Brad Pitt Hails Courage of fiancée Angelina Jolie
Brad Pitt today hailed his fiancée Angelina Jolie as “heroic” after the actress revealed she has undergone a double mastectomy because of her extremely high cancer risk.
Jolie, 37, revealed she had chosen the surgical procedure as a preventative measure after genetic tests revealed she had an 87 per cent chance of developing breast cancer and a 50 per cent chance of ovarian cancer.
The Oscar-winning actress, whose mother Marcheline Bertrand died of ovarian cancer in 2007 at the age of 56, said she had taken the difficult decision so she could tell her children “they don’t need to fear they will lose me”.
Pitt told the Standard: “Having witnessed this decision firsthand, I find Angie’s choice, as well as so many others like her, absolutely heroic. I thank our medical team for their care and focus.
“All I want for is for her to have a long and healthy life, with myself and our children. This is a happy day for our family.”
Writing in the New York Times, Jolie said: “My mother fought cancer for almost a decade. She held out long enough to meet the first of her grandchildren and to hold them in her arms. But my other children will never have the chance to know her and experience how loving and gracious she was.
“We often speak of ‘Mommy’s mommy,’ and I find myself trying to explain the illness that took her away from us. They have asked if the same could happen to me. I have always told them not to worry, but the truth is I carry a ‘faulty’ gene, BRCA1, which sharply increases my risk of developing breast cancer and ovarian cancer.”
The actress has six children – Maddox, 11, Pax, nine, Zahara, eight, Shiloh, six, and four-year-old twins Knox and Vivienne . She said she was speaking out to urge the “many women who do not know that they might be living under the shadow of cancer” to get gene tested.
Jolie has completed three months of medical procedures including reconstructive surgery after the removal of both breasts.
The actress wrote how the process began on February 2 with a painful procedure known as a “nipple delay” which increases the chance of saving the nipple.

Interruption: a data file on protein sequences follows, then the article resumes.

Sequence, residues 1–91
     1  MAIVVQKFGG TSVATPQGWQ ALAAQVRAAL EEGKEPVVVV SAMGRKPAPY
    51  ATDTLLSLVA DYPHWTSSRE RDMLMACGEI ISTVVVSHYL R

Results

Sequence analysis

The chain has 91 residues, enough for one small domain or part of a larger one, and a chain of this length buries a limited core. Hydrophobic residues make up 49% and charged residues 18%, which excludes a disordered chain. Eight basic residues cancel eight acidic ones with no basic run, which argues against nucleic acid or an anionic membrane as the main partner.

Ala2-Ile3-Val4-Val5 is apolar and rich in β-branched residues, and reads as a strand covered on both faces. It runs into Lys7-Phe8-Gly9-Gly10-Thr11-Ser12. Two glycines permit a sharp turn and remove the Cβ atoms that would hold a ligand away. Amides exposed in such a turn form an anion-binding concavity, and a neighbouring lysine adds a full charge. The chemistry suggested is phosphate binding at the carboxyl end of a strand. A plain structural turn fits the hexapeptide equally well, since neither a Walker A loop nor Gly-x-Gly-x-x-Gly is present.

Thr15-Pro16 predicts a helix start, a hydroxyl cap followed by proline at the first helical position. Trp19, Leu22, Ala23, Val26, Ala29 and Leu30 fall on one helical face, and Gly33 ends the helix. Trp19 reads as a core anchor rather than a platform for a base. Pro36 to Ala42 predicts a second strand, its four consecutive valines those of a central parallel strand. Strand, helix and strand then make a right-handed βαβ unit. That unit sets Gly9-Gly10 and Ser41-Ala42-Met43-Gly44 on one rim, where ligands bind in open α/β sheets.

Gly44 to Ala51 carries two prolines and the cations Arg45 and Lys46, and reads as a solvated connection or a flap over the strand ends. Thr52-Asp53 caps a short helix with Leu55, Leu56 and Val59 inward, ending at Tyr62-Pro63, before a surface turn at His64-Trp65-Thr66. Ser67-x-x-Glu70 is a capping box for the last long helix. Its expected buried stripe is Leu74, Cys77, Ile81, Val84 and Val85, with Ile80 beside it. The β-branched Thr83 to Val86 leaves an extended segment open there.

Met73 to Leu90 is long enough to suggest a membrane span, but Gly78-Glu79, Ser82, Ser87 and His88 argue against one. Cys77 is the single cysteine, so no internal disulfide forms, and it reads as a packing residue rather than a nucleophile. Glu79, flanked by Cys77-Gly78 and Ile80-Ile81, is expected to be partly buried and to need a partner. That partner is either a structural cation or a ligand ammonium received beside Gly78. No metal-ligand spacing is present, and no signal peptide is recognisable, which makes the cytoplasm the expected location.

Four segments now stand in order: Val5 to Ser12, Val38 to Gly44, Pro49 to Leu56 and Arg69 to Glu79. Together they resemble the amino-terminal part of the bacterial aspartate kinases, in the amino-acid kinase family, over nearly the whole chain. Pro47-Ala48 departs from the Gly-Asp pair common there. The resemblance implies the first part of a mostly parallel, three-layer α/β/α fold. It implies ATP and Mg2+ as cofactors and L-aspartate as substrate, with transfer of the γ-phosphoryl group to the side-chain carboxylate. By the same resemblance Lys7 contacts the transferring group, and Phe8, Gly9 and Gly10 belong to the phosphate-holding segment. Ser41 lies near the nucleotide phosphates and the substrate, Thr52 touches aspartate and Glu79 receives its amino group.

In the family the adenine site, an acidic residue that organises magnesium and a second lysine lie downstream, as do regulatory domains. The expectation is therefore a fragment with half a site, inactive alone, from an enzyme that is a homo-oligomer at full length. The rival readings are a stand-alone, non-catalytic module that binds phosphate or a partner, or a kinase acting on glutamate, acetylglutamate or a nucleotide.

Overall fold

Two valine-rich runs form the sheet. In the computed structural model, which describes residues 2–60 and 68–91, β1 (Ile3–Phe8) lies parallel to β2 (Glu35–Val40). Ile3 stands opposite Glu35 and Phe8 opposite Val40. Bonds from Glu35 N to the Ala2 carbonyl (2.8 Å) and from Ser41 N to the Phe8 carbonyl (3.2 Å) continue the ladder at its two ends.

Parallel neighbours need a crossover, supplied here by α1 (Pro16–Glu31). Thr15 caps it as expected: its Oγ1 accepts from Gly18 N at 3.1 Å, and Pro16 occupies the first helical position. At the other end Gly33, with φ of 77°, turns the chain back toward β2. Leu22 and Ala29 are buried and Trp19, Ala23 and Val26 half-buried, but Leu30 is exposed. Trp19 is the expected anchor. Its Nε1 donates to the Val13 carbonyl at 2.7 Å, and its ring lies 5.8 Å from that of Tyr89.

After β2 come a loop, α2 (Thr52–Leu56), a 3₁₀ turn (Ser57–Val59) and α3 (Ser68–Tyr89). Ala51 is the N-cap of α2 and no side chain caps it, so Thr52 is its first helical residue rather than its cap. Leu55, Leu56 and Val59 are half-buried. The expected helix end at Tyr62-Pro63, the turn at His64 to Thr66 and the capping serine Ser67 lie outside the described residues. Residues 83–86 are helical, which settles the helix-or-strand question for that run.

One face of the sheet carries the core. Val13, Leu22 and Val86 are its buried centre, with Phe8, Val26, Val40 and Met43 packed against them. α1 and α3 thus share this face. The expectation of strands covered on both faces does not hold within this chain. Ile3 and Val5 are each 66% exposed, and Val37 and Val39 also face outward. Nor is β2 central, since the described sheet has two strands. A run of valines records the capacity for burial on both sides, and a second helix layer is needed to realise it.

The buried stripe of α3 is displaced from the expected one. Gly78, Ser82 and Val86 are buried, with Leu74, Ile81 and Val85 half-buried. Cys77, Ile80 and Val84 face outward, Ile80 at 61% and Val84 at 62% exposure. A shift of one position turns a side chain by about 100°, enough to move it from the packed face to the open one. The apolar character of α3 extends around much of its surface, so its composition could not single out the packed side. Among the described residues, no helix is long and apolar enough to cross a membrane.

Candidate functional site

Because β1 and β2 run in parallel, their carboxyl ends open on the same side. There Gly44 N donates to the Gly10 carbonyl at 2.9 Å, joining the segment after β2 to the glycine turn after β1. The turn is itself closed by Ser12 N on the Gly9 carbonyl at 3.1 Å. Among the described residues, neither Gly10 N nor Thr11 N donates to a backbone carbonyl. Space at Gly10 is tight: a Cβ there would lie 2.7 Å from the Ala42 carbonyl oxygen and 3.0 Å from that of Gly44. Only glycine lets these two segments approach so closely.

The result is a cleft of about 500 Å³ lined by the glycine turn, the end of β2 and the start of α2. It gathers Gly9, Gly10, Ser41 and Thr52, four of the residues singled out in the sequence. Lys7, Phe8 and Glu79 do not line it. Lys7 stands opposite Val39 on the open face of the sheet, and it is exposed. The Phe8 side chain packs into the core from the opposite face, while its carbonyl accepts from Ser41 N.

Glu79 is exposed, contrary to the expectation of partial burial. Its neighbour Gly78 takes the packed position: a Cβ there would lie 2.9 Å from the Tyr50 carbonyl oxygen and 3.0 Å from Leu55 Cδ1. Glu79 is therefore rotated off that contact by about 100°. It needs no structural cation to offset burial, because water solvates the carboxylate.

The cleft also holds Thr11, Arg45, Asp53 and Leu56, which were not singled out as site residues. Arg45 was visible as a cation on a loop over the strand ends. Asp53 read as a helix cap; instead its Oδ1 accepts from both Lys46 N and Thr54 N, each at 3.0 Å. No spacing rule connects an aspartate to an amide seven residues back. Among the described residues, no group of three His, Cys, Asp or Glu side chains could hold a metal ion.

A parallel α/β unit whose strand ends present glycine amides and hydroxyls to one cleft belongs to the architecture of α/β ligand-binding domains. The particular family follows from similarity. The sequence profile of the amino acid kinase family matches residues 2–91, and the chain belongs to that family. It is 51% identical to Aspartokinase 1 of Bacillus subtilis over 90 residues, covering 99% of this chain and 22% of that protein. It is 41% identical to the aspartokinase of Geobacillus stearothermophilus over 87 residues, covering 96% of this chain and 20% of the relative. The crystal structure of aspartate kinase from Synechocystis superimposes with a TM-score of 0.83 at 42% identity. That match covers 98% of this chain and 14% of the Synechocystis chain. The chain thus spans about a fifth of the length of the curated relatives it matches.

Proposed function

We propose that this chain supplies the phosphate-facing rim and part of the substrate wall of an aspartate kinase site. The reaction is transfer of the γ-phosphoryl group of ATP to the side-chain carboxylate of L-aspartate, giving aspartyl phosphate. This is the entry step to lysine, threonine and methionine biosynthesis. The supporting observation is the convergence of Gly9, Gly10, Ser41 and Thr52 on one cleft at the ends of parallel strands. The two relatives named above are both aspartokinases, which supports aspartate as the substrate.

“Two weeks later I had the major surgery, where the breast tissue is removed and temporary fillers are put in place. The operation can take eight hours. You wake up with drain tubes and expanders in your breasts. It does feel like a scene out of a science-fiction film. But days after surgery you can be back to a normal life.
“Nine weeks later, the final surgery is completed with the reconstruction of the breasts with an implant. There have been many advances in this procedure in the last few years, and the results can be beautiful,” she said.
Amazingly, Jolie kept working throughout the past three months, making a high-profile trip to the Congo alongside William Hague and appearing at the G8 Summit in London last month to call for an end to sexual violence in conflict zones.
Jolie said her risk of developing breast cancer has now fallen to five per cent.
She praised the support of her fiancé and family, saying: “I am fortunate to have a partner, Brad Pitt, who is so loving and supportive. So to anyone who has a wife or girlfriend going through this, know that you are a very important part of the transition.
“Brad was at the Pink Lotus Breast Center, where I was treated, for every minute of the surgeries. We managed to find moments to laugh together. We knew this was the right thing to do for our family and that it would bring us closer. And it has.”
Jolie added: “I am writing about it now because I hope that other women can benefit from my experience. Cancer is still a word that strikes fear into people’s hearts, producing a deep sense of powerlessness. But today it is possible to find out through a blood test whether you are highly susceptible to breast and ovarian cancer, and then take action.”
Mr Hague said today: “This is a brave choice by a remarkable woman. The courage it must have taken not only to go through this treatment but then to speak about it to help other women is truly inspiring. Throughout it all her humanitarian work has not missed a beat. This is a courageous decision by one of the bravest people I know. I wish her and her family the very best.”